Signal Hill has long been a communications point on the Southern California landscape. In an earlier era, Native Americans signaled their brethren with fire and smoke, from Santa Catalina Island to the foothills of the Coastal Range bordering what is now L.A.

Today the signals are electronic, connecting us--at the click of a mouse--to vast, new worldwide networks.

Thursday, May 20, 2010

Signal Hill Water Workers--Our "Boys in Orange"

We don't give them much thought, unless they block off our street, make all that racket, or cut off our water for repairs. No, we seldom give much thought to our "Boys in Orange." We take them--and the water they deliver to us--for granted.

I recently spent a week getting to know what they do there, digging in our streets, as they replaced 60-year-old galvanized service lines to our, and our neighbor's residences, with 1-inch copper pipes. I learned to appreciate these unsung workers of ours.

You can see photos of the process, with explanatory captions, by clicking on project.

There were several things that impressed me by this team of workers that I would otherwise not have experienced, had I not approached them with an appeal to let me document their work. Among these impressions are:

1. How, despite their cool and tough street-smart veneer, they were pleased to have someone take an interest in what they do on a daily basis; and how eager they were to show off their talents, and to share the complexities of their trade. They appreciate fully the intricacies of our vast water delivery system, and their own roles in that.

2. How they operated as a team, efficiently and methodically going about their business. Basically, a non-verbal group, relying heavily on hand signs, often midst noisy operations, to guide and protect fellow team members in their work. Without apparent direction, team members would share the work, digging or lifting a heavy piece of equipment, with an intuitive sense of what was needed. I saw a brute strength mixed with a delicate operation, to get the job done.

3. How each member of the team is able to do all project functions, and how the team does it all--from designation and notification of the work site to the final topping off of the trench with temporary patch and finished concrete work around the meter boxes. We discussed how working for a small city like Signal Hill allows them to be generalists, keeping the job interesting, and providing a good training ground for the young guys. The downside is the specialist, working in a big city, probably makes a bit more money.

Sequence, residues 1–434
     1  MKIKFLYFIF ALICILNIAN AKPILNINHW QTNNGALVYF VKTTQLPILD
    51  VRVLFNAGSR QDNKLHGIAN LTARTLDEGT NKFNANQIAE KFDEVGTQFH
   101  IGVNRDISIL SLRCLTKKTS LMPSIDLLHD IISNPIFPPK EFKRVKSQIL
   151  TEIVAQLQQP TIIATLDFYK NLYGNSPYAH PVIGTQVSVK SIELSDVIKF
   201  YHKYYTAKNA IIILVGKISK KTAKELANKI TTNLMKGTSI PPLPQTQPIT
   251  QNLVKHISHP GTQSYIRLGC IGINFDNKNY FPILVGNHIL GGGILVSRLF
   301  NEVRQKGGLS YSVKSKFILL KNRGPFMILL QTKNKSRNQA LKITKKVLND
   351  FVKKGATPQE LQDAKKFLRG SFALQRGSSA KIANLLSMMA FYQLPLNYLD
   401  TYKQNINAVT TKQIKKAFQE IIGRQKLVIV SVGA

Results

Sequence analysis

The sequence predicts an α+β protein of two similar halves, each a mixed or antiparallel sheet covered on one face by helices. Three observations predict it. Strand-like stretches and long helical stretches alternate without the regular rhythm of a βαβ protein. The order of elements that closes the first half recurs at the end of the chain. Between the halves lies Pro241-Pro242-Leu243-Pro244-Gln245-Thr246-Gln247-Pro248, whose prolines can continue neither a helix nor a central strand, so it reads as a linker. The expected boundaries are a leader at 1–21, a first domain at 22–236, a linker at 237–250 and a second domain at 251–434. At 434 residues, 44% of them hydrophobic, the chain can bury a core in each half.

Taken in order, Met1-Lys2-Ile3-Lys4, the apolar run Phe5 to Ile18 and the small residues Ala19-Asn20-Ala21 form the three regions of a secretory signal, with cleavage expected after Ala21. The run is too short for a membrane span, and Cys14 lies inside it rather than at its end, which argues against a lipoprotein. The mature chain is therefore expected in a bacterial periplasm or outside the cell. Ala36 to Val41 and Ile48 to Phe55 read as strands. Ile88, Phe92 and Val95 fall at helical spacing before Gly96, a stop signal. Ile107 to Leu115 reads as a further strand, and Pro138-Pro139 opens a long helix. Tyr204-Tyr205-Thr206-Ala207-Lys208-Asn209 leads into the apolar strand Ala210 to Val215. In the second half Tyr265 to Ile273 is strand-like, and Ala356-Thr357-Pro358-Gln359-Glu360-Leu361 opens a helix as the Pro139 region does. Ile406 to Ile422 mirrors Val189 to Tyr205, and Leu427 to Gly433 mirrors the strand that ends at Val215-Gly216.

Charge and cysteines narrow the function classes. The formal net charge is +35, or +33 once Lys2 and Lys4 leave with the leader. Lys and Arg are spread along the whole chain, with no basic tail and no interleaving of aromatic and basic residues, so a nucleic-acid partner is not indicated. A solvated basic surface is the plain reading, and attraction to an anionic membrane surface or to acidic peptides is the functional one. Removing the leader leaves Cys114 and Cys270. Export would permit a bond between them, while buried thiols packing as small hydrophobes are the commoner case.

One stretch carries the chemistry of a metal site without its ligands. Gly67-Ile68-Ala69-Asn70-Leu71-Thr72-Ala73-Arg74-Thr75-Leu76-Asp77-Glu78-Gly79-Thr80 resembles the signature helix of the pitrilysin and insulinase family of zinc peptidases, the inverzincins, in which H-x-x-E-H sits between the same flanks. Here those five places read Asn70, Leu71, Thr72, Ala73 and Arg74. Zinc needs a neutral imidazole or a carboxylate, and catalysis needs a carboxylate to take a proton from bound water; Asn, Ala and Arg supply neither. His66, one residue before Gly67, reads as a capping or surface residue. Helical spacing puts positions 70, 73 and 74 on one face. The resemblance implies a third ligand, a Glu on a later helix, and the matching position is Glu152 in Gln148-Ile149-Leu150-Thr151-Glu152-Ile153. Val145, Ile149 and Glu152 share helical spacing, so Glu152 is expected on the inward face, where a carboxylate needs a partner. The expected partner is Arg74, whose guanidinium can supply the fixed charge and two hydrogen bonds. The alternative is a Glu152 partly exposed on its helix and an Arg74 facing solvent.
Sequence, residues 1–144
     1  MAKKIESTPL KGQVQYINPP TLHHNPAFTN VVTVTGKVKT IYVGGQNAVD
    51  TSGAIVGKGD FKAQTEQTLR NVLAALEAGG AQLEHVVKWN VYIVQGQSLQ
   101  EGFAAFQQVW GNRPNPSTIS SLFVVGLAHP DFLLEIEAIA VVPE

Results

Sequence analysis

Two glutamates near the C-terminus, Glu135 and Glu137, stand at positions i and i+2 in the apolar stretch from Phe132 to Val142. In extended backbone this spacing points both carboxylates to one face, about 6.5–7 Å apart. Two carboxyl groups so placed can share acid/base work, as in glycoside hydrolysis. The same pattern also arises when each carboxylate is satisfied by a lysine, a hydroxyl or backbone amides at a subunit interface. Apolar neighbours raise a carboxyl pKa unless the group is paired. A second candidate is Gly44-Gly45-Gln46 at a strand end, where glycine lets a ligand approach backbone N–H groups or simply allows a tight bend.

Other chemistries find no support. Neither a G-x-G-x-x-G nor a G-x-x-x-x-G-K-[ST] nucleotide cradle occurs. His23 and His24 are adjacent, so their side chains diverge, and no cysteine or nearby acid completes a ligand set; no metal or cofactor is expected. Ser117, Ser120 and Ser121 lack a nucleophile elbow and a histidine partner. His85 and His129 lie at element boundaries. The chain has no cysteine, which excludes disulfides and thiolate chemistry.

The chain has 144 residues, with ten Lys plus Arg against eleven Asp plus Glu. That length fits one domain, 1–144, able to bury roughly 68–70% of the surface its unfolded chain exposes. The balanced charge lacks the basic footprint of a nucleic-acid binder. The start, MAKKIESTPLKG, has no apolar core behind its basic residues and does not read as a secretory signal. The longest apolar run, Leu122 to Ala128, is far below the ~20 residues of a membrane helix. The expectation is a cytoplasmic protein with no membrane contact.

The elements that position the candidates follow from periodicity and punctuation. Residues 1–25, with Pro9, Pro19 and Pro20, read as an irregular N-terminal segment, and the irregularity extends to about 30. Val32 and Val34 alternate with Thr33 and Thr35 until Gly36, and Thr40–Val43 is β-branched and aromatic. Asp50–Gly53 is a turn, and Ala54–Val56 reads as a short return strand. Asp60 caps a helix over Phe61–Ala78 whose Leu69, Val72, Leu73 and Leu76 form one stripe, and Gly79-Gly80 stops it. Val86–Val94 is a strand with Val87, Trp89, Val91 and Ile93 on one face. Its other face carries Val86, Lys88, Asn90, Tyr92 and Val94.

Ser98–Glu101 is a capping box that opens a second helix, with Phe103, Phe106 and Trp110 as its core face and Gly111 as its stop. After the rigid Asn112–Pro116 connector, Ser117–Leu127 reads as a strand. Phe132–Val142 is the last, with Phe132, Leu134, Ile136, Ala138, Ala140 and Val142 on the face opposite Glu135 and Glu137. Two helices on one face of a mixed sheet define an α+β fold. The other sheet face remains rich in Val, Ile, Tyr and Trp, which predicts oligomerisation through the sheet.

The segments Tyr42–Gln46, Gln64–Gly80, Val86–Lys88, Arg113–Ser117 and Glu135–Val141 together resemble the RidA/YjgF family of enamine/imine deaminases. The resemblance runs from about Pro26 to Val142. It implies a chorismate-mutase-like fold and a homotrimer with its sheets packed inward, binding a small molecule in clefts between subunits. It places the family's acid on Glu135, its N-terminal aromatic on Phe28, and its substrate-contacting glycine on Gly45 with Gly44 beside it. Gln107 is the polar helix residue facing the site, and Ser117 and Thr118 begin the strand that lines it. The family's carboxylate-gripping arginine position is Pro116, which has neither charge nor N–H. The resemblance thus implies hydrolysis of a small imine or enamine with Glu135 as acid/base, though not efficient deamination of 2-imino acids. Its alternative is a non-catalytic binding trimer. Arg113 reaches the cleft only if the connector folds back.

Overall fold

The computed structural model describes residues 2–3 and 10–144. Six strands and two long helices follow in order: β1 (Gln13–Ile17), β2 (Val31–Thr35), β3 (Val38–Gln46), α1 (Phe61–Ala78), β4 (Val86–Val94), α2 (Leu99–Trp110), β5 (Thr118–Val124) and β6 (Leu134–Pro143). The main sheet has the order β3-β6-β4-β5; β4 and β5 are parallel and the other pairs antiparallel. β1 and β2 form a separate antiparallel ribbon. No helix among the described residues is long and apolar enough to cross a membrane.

4. How convivial the group is, and how each person is protective of the others. On the one hand, I saw good-natured ribbing--as when the dump truck inadvertently dumped its entire load; while on the other, I saw heartfelt concern, as they recounted a significant burn accident experienced by one of their team--Hector--that laid him up for two years.

5. I sensed a little frustrations over the increasing complexity and number of regulations that they must always be adapting to. Safety to the the worker and to the environment is a constant concern, and training on these matters is continual. During my week of observation, team leader Senior Water Worker, Rick, pointing to the large water jug attached to their truck, said he had just learned that they are out of compliance with the amount of drinking water they must carry: at least two gallons of water per worker per day.

6. How each project is unique, especially in older neighborhoods where there is a history of extensive oil drilling and operations. Despite the sophisticated Underground Service Alert system (USA), whereby all utilities are informed of proposed digging projects, and underground pipes are indicated by color-coded lines sprayed on pavement, there are most always surprises. I watched as they conferred among themselves, and also with their supervisor back in the office, to resolve unexpected challenges.

Take a look at the accompanying photo album, with captions, if you want to learn a little more about our "Boys in Orange" and the work they do. Further, it is instructive to consider that for each trade and for each system we rely upon--electrical, sewer, trash removal, gas, telephone, etc.--there are equivalents of our "Boys in Orange," who spend their professional lives training for, maintaining and repairing the infrastructure we rely upon daily.

Finally below see a very brief and poorly filmed video of Eric demonstrating one of the labor-saving skills he and the others have developed.


  1. I'm finding, now, that I view men and women working in our streets with greater interest and appreciation.

    -- RCH

  2. Everyone loves a man in uniform!